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Saved by the Dharma

By K. W.

Hands rolling mantras
I devoured these books over and over, steeping myself in their teachings as I learned to sit.


Ten years ago I was in prison. I was very angry and blamed everyone else for my predicament. I harbored so much hate inside of me towards a person who I felt was responsible for my incarceration, in my mind the future had me committing a murder against this person. As surely as the sun came up every morning I knew this would be my future. To become a murderer. Every night as I fell asleep on my concrete bunk I would imagine every step I would take to avoid detection and be successful in this future venture.

Somehow I got my hands on two books by Lama Yeshe as well as a book by Venerable Thubten Chodron: Making Your Mind an Ocean, Becoming Your Own Therapist and Taming the Monkey Mind.1 Venerable Chodron’s words and Lama Yeshe’s teachings just made sense. I devoured these books over and over, steeping myself in their teachings as I learned to sit. Before long I was able to send love and compassion to the people I had been planning to kill. Can you imagine! I avoided becoming a murderer because of some worn little books that found their way behind barbed wire and into my prison cell! After being transferred to a different facility, a group from the outside led by Lama Pema befriended me as they made weekly visits to the prison facility. After five years of detention I was released and immediately went to Chagdud Gonpa Amrita and took refuge and received the name Padma Dorje from Lama Padma.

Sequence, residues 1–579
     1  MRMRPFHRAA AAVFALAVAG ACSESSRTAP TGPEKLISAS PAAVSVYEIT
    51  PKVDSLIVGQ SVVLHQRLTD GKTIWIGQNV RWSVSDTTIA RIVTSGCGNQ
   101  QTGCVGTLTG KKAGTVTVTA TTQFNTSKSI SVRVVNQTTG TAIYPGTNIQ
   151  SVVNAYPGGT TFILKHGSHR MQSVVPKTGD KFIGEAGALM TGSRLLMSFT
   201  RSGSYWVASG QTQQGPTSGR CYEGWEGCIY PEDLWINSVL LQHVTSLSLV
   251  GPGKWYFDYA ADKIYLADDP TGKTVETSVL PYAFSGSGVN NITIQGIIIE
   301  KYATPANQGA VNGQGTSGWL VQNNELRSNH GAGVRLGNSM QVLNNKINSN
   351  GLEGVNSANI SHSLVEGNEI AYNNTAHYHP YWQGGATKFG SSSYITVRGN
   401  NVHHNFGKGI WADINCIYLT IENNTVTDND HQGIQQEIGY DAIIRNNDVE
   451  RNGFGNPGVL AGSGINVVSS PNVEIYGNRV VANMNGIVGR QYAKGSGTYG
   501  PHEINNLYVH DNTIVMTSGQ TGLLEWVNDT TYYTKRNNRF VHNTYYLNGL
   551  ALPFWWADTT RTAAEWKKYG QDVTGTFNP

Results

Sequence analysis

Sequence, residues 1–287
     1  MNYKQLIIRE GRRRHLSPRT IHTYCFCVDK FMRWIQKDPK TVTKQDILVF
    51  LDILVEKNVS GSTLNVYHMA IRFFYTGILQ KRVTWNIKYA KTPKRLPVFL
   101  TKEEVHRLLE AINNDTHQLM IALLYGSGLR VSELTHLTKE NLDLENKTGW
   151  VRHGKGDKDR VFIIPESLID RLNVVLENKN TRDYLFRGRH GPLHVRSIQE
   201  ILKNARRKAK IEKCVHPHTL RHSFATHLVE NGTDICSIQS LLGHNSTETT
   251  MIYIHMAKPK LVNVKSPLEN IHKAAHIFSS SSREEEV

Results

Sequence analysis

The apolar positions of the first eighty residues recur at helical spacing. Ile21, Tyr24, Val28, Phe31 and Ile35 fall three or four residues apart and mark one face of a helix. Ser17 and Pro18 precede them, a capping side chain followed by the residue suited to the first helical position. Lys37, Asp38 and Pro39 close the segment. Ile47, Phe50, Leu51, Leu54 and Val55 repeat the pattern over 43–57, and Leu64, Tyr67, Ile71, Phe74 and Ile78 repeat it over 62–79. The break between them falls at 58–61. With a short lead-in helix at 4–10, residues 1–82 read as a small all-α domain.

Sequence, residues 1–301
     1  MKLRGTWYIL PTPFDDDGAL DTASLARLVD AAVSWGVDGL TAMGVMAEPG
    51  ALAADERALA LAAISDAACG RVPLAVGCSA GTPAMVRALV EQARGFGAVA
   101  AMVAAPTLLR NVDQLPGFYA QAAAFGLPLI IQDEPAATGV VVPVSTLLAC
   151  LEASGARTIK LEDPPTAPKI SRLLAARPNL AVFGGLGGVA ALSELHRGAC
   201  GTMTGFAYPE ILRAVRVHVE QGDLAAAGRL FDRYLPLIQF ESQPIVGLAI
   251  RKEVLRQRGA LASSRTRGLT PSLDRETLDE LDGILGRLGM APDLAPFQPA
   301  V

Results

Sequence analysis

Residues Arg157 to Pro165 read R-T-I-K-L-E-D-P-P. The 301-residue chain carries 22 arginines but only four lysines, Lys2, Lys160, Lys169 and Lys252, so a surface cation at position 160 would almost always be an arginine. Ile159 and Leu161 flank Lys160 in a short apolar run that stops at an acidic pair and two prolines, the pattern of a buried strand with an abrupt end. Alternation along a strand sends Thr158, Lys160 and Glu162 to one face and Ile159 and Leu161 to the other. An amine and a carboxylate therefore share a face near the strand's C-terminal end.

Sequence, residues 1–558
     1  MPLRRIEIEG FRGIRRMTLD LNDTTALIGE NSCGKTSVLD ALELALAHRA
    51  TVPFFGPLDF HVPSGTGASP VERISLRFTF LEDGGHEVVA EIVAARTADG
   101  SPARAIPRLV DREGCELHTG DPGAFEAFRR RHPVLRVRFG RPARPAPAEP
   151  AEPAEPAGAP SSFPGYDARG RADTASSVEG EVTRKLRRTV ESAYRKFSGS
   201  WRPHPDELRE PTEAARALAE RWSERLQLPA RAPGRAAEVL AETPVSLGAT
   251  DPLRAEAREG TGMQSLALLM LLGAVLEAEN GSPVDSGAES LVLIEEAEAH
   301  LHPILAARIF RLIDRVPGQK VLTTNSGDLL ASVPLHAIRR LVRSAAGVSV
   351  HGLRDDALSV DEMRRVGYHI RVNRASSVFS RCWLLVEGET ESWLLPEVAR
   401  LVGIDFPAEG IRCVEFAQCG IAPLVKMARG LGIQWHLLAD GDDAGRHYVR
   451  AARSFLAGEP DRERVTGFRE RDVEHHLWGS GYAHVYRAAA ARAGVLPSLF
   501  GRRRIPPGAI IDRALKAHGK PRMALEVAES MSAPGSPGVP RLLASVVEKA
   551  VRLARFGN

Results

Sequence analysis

The same week that I met the Karmapa when he visited Seattle. It was just me, the Karmapa, Dzogchen Ponlop Rinpoche, and ten other people in the room at Nalanda West. One week later I met the His Holiness the Dalai Lama when he visited Seattle on his “Seeds of Compassion” Tour. I am truly blessed to have been put in prison don’t you think?

Thank you for all you have done for me. Thank you for helping me to avoid becoming a murderer.

K. W.

  1. Now republished as Taming the Mind

Incarcerated people

Many incarcerated people from all over the United States correspond with Venerable Thubten Chodron and monastics from Sravasti Abbey. They offer great insights into how they are applying the Dharma and striving to be of benefit to themselves and others in even the most difficult of situations.